Are there any exemptions from the definition of “reporting company”?

The final rule exempts certain regulated entities or entities that are already subject to disclosure requirements concerning their beneficial ownership and certain large entities from the definition of reporting company (an “exempt entity”). The list of exempt entities includes:

  • Public company – An issuer with a class of securities registered under Section 12 or subject to Section 15(d) of the Securities Exchange Act of 1934, as amended
  • Government authority – An entity established under the laws of the U.S., a tribe, state, or political subdivision of a state, or under an interstate compact between two or more states, that exercises governmental authority on behalf of the U.S. or any such tribe, state, or political subdivision
  • Banks, savings associations, trust companies (including non-depository trust companies), credit unions, bank holding companies, and savings and loan holding companies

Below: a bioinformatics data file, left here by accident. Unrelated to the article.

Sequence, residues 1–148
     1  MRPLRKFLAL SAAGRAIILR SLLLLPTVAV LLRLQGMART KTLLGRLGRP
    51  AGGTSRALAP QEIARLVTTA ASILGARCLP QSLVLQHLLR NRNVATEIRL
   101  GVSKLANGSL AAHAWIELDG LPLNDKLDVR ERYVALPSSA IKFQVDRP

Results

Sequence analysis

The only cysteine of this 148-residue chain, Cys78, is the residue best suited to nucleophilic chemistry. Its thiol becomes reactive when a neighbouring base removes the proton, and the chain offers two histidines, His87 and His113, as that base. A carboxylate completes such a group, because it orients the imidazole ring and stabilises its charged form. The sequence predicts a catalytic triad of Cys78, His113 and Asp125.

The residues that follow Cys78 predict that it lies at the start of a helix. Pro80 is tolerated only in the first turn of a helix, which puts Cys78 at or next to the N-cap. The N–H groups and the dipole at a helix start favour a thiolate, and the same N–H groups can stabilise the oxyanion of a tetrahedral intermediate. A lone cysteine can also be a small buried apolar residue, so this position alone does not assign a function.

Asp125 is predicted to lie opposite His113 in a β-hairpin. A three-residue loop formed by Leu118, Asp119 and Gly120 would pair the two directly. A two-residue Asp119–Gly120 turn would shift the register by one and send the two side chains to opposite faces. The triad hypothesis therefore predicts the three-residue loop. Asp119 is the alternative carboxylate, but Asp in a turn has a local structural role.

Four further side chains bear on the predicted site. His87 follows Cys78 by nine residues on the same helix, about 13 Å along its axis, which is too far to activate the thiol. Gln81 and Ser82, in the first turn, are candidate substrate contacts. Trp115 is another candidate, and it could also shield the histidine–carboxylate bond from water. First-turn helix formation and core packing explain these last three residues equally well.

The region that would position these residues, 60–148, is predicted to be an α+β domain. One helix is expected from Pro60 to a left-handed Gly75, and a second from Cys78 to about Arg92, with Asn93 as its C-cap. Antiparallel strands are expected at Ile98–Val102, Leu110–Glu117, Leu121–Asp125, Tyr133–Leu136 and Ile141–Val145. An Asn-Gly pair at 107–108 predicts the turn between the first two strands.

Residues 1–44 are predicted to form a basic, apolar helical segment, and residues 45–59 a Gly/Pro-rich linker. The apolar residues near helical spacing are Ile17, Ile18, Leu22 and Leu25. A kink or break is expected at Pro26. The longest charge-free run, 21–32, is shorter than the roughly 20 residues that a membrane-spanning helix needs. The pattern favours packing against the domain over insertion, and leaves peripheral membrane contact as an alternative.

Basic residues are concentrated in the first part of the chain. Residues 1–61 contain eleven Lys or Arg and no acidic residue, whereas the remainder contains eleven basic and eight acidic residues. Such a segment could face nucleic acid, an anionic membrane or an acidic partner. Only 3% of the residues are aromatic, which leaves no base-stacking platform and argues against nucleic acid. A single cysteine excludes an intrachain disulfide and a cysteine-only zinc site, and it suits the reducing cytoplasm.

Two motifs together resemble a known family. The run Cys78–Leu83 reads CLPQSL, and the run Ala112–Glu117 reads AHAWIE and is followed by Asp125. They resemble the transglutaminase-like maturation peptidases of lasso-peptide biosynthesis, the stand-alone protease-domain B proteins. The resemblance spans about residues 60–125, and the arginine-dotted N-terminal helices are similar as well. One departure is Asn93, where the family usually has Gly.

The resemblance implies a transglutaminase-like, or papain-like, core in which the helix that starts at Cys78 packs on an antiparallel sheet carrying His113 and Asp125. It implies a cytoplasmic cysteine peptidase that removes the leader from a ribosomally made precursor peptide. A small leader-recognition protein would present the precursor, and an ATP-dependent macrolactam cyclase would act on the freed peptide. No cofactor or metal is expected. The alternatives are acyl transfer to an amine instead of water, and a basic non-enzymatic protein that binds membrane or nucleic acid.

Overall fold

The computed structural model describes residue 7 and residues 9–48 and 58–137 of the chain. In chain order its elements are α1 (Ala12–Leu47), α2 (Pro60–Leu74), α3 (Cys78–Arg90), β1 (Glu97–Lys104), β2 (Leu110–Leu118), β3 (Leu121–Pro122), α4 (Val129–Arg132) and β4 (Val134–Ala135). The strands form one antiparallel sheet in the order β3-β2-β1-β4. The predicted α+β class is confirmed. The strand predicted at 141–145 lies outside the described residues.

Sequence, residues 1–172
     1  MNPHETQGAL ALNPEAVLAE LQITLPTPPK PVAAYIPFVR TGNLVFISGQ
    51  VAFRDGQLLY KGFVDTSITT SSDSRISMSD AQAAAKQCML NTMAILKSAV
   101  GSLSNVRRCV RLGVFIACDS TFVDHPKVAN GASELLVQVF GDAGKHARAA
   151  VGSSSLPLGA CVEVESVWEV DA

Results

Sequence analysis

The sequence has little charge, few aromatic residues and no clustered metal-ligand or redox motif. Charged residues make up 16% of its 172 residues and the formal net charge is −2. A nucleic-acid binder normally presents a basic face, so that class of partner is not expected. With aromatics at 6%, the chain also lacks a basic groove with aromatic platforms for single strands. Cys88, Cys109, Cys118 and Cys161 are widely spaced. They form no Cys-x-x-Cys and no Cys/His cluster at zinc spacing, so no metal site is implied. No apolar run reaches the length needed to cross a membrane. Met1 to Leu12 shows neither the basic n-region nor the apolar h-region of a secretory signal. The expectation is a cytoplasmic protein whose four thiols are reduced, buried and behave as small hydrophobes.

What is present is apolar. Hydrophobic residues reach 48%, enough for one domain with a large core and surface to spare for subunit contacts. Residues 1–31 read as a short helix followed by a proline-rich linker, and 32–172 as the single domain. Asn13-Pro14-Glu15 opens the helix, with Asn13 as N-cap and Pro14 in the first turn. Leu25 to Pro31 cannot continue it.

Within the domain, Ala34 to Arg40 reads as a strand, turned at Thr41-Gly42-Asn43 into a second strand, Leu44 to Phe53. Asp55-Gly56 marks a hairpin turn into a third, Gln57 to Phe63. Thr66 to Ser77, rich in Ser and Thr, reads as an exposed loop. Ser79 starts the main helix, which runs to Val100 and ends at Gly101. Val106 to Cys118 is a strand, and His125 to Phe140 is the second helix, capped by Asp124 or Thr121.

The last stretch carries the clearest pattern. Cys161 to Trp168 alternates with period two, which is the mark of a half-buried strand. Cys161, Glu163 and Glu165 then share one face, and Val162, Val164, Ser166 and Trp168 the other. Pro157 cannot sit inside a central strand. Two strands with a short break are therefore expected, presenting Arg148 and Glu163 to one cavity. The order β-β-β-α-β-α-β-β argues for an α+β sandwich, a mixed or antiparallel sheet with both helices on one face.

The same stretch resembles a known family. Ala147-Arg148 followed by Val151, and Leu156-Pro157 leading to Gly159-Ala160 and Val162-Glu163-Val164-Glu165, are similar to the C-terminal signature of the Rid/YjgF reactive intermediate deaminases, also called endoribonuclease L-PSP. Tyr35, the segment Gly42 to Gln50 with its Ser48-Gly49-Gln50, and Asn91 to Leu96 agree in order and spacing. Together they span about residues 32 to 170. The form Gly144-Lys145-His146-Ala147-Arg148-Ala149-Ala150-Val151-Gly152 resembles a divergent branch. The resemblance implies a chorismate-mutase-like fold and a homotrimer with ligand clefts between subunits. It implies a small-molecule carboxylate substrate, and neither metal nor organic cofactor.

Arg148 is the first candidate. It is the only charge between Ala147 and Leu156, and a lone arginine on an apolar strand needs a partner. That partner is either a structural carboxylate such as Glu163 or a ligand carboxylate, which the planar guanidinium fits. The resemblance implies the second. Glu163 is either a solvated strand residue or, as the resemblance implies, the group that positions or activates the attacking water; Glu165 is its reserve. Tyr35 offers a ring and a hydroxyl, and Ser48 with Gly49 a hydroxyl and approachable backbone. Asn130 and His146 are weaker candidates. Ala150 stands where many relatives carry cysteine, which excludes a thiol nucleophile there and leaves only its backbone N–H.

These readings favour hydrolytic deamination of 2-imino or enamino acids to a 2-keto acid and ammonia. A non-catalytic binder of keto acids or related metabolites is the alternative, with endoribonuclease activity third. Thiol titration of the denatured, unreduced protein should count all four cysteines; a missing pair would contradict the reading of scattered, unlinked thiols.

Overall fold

• A “money transmitting business” registered with FinCEN under 31 U.S.C. § 5330, and any “money services business” registered with FinCEN under 31 C.F.R. § 1022.380 (e.g., a money transmitter, check casher, issuer or seller of traveler’s checks, provider of pre-paid access, or dealer in foreign exchange)
  • Securities brokers or dealers registered with the Securities and Exchange Commission (SEC)
  • Exchanges or clearing agencies registered with the SEC
  • Other entities registered with the SEC under the Securities Exchange Act of 1934
  • Investment companies and investment advisers registered with the SEC
  • Venture capital fund advisers that have reported their beneficial ownership information to the SEC on Form ADV
  • Insurance companies